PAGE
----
html http://www.mei.edu/SQCC/EducationalResources/TheHistoryofFrankincense. and antiseptic plant.aspx 31 Hall 32 Chakravarti 1986. Concerning the acting agents in Indo-Roman trade.com/botanical/mgmh/f/franki31. Jewish merchants became very significant during the period from 10-13th century34. or vice versa.´ In the light of this. I wonder whether this item was considered a µluxury¶ or a µnecessity¶. who own and send ships to India. http://en. or use as bullion. maybe through Egyptian middleman. the Axumite kingdom gained prominence. As Tamil-Brahmi inscriptions attest. three seas are involved without having a common name to address the area. as the two seas were not connected). which was the characteristic Egyptian black µeye-liner¶. After a relatively calm period (of sources?).planetbotanic. and coins ± intended either to melt down and reuse. First of all. From the 3rd to 7th centuries. Internal consumption proved to be effective in Crohn¶s disease.ca/fact_sheets/frankincense_fs2. and on inscriptional and epigraphical basis it is known that there were Indian merchant colonies living on the southern coast of the Red Sea33. we are not dealing with cargoes straight from one port in the Mediterranean to another port in the Indian coast (certainly including an overland transportation somewhere.org/wiki/Frankincense#Traditional_medicine http://botanical. ships often stopped during their course. The actual trading. As is clear from the Periplus.wikipedia. 1990 9 . osteoarthritis and in vitro experiments proved effective for various forms of cancer. to the extent that the most significant legal document concerning Indian trade. Second. garum.fish sauce. the picture in historiography seems to be clear. It is Roman merchants. a southern Red Sea state. It is admitted than Indian merchants also participated. and changed part of the cargo. Cosmas Indicopleustes in the 6th century reports trade between India and Byzantine ports32. but there is no anti-infection. In ancient Egypt. as attested for example in Pliny and in Avicenna. navigation and travel seems more complex to me. the so-called Muziris papyrus35 was written in Greek. overshadowing the Graeco-Roman trade with India. there were instances of Indian merchants living in Egypt. but when did their involvement start? Axumite participants were active from the 3rd century on. Present-day researches have found that its fume has drug-like effects as antidepressant and removes anxiety. but definitely not at their face value of the Mediterranean economy 31. 208 33 Salomon 34 Wink 35 Casson. In present-day Oman. Many peoples lived on the shores ± it is probable that they also took part in the interaction. when we talk about ³trade between India and the Mediterranean´. ³it is used for everything from deodorant and toothpaste to food and drink flavoring. Greeks heavily populated the area. frankincense was a basic ingredient to create the powder called kohl. Arab people are almost never mentioned as possible participants in maritime commerce during Late Antiquity in the secondary literature.htm http://www.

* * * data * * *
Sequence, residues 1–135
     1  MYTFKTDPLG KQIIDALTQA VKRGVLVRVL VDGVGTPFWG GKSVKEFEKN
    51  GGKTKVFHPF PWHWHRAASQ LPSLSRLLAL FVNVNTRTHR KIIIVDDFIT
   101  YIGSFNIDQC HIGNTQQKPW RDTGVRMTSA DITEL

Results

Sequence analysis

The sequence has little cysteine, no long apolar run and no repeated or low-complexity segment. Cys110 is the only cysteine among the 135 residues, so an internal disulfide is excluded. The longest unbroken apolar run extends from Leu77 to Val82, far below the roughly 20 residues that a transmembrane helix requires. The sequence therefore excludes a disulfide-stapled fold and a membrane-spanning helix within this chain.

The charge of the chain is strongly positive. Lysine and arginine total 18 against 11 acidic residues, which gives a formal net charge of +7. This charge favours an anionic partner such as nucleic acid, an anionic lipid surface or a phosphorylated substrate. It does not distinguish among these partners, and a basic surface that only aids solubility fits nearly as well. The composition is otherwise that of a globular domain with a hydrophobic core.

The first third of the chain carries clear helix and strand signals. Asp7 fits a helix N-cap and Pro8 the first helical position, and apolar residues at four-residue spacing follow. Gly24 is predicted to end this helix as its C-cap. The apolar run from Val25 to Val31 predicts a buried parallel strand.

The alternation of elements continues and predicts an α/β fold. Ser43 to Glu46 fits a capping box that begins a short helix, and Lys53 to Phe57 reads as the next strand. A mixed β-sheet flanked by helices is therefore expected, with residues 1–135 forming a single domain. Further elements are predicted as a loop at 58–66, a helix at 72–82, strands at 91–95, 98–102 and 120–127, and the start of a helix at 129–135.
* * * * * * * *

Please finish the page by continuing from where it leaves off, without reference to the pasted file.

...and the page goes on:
The argument presented here. which very early became connected with each other. that smaller networks of trade existed from the beginnings of literacy. trade again shifted to the Red Sea. Conclusion In the paper I delineated the recent historiographical debates concerning Indian Ocean trade in the Medieval times. The participation of the Jewish diaspora became dominant in the India trade until the 13th century. and acquired lapis lazuli from the area of the present-day Afghanistan. On this basis. the long-distance trade between the Mediterranean and India is said to decline gradually from the 4th century. 353 38 Wink. To distinct but interrelated maritime networks were outlined: one in the Persian Gulf. demonstrating the continuous existence of commercial exchange networks from the 4th millennia BC to the 13th century. 350 Wink. Zoroastrian Persians or Christian Persians had dominated commerce in the western Indian Ocean´36. in the purported style of µthalassology¶. competing with Parsis and Persians living on both sides of the Arab Sea. and attempted to apply the concepts of thalassology and world systems analysis to the Northwestern Indian Ocean trade prior to the 13th century. the long duree constituent. when the Persian Gulf became blocked by the SeljuqTurkish interference. He also asserts that a Persianized Arab trading groups controlled a trade diaspora and were influential in the expansion of Islam. state involvement in commerce was limited to taxation only. Jewish diaspora in the caliphate became involved in this trade and grew to great prominence in and due to this commerce. Furthermore. when Egypt had direct trade connections with Anatolia. These networks were in connection with the Mediterranean from at least the 15th century BC. Andre Wink assumes that ³in the centuries preceding Islam. their significance in India also decreased38. 366 10 . the wider geographical unit of the Northwestern Indian Ocean provided cohesion. but when their position in µhinterland¶ caliphate declined. Conventionally. It was in the 9th century Abbasid Caliphate that ³the India trade became the backbone of the international economy´37.evidence for a Roman emporium in India. suggesting ³Indo-Mediterranean´ trade instead. and the other in the Red Sea. and going through a revival in the 10th century. I would contest the term ³Roman´ trade. The intensity of these 36 37 Wink. After 1055. thus creating ever larger units. and became hegemonic in the Persian Gulf commerce. For these three systems. An additional third network in our study area was coastal shipping along the Western Indian coasts.